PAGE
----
The next step is to meditate on the text. What comes to us when we let these two intertwined stories, and what we have noticed in them, play in our mind? What does it bring us to think? For me: These are two contrasting women, one safely hidden in the home of her respectable family, the other out on her own. But Jesus is not bothered by the gender stereotypes of his time. Nor is he bothered by the violations of convention they present to him. Nor is he bothered by the difference in their social status.  Jesus moves with confidence through both situations. He is equal to the needs of both of them. Maybe these are good news Mark wants us to hear. If the point of these stories is not simply reporting an event, or inviting us to think that in similar situations we can assuredly expect the same result, what is the point?  The first is simply information, and the second will likely not happen.  Jesus did not come to change the natural laws of the created universe.  Maybe this story is presenting some marks of the kingdom of God: It doesn’t matter who we are. God is not confined or restricted by our conventions and boundaries.  God recognizes our faith when we act from our deepest needs. God does not seem to mind when we get too close. God is not deterred when people make fun of what is going on or even refuse to see what is happening.  God is compassionate. God invites us to bring our needs to him. 

    And so these meditations lead to the third step: prayer. Jesus, let me see my needs and bring them to you. Jesus, what is dying in my life? Can it come to life again? Can that little daughter of my soul grow again? Can a future come from what seems lost, over, finished, done, dead? Jesus, help, me make room for that desperate person inside me. Let her lose her inhibitions so she can reach out and touch your healing power. Jesus, help me not be ashamed to admit that I too am desperate, that I also may have invested too much in what doesn’t work.  Jesus, help me get over being embarrassed that I am in some ways, perhaps in many ways, hopeless, homeless, destitute, bleeding out my life, looking for your power to heal me. Jesus, help me know that I too am that little girl, that father, those jeering bystanders, that crowd following you through town, that desperate woman. I am one with them. Let me touch you. Touch me.  Look at me.  Talk to me.  Raise me up.  Give me my life again.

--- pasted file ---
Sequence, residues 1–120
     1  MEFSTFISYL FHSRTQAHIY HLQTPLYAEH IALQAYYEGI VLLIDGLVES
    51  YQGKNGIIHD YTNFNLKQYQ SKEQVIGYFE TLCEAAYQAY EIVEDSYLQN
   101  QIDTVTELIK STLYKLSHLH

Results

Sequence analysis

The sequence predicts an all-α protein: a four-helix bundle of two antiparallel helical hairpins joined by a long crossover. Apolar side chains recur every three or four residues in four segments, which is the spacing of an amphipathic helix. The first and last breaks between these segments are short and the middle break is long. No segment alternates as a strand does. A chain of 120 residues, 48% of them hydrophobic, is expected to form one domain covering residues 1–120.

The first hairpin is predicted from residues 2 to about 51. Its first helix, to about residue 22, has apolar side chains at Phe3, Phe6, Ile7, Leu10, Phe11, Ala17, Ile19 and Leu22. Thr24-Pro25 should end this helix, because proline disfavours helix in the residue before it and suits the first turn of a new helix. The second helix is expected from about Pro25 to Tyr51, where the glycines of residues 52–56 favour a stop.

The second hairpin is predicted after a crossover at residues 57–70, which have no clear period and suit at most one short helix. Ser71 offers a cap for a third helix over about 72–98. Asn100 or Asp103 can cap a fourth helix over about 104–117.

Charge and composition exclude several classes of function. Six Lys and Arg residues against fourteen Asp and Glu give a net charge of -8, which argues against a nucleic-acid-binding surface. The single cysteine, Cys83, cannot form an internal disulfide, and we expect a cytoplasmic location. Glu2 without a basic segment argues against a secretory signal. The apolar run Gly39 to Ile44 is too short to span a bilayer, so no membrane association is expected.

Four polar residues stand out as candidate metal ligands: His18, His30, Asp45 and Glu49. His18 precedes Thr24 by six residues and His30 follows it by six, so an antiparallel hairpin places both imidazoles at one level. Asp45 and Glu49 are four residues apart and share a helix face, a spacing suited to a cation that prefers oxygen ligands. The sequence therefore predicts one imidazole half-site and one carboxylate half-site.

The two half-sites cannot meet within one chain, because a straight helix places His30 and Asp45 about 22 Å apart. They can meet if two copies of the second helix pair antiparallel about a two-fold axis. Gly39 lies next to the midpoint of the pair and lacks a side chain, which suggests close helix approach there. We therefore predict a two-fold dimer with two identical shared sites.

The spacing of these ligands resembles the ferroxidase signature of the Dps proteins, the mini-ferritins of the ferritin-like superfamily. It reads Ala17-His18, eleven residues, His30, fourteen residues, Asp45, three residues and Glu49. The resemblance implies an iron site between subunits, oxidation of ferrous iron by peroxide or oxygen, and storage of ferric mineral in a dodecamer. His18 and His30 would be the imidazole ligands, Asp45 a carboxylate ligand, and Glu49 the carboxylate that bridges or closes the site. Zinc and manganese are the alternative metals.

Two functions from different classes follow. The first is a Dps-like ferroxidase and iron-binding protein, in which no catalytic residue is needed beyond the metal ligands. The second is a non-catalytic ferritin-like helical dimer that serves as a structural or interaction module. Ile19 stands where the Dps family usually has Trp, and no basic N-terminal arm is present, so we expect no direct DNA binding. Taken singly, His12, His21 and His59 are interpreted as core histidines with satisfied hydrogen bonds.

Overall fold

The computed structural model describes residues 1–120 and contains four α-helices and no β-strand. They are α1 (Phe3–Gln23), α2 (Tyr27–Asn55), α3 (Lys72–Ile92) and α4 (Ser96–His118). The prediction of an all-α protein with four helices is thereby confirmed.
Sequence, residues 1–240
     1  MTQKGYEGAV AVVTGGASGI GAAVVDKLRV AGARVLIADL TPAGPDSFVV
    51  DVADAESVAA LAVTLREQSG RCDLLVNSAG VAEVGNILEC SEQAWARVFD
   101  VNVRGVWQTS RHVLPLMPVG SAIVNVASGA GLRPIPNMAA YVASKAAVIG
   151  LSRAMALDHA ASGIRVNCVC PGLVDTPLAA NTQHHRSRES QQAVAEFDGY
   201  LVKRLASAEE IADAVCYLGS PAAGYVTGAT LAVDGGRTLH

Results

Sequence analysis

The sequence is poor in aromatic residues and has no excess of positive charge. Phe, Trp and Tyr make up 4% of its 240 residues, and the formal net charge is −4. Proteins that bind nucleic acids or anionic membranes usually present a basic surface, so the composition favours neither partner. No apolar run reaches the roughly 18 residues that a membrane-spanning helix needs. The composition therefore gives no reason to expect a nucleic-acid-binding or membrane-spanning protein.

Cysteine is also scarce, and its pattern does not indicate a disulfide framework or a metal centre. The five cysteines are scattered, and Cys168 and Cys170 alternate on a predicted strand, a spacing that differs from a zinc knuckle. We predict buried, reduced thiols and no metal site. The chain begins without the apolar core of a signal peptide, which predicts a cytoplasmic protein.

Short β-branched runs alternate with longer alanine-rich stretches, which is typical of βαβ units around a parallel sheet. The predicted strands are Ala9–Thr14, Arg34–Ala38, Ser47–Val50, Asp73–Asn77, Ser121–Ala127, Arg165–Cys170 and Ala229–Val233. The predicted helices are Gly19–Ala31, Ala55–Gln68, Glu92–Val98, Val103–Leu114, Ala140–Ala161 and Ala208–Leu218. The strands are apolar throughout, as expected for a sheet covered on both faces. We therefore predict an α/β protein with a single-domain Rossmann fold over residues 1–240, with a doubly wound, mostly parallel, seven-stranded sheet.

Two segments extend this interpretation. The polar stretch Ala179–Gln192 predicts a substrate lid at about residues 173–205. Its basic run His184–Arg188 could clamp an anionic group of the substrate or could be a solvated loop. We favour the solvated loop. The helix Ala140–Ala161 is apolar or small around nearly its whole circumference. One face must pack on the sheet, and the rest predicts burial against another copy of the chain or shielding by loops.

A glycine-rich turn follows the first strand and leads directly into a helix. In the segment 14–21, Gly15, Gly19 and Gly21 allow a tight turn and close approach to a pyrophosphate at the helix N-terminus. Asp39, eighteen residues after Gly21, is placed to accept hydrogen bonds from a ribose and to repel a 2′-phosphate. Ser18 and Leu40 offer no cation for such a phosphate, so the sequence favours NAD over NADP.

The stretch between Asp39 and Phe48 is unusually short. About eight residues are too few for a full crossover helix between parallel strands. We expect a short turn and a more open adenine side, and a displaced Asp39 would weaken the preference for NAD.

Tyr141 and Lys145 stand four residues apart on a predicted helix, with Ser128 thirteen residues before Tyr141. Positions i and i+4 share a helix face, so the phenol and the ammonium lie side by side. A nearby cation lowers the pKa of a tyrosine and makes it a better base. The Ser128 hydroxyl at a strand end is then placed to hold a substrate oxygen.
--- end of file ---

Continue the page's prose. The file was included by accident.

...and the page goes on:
And finally, contemplation. Resting from the text, from its images and questions and patterns, resting from the mind’s work, resting from the words sent from the heart.  Resting quietly in the Word as we have experienced it. Sitting quietly as it does what it will. Who am I now that I have lived into this text, this meditation, this prayer? Am I the same as I was before? I hope not.  Quiet down now.   Let that ineffable something be in me. Let me be in it. The daughter, the father, the crowds, the woman, Jesus in the middle of it all.... Hush for a moment.  What do I feel? Is something new in my heart? Can I just sit still for a moment and let it be?

    But often these four processes, studying the text, meditating on it, prayer, contemplation, do not always happen in sequence. Suddenly something elbows its way in, out of the art of the sequence that I am now in:  The daughter, the daughter, the daughter:  That dying little girl has a family, a home, a father. She is by definition a daughter. But the woman has lost everything, has risked everything. And so what does Jesus call her? He calls the dying girl simply talitha, little girl. But he calls the desperate woman Daughter, something he calls no one else in the whole Gospel of Mark: Daughter, your faith has made you well. Daughter. Your faith has not only made you well, but gives you a new father, a new family, a new home.

    What is it like to have Jesus look at you and say, Daughter?  Jesus, may I be your daughter?  May I be your son?  May I join your family?  May I come home with you?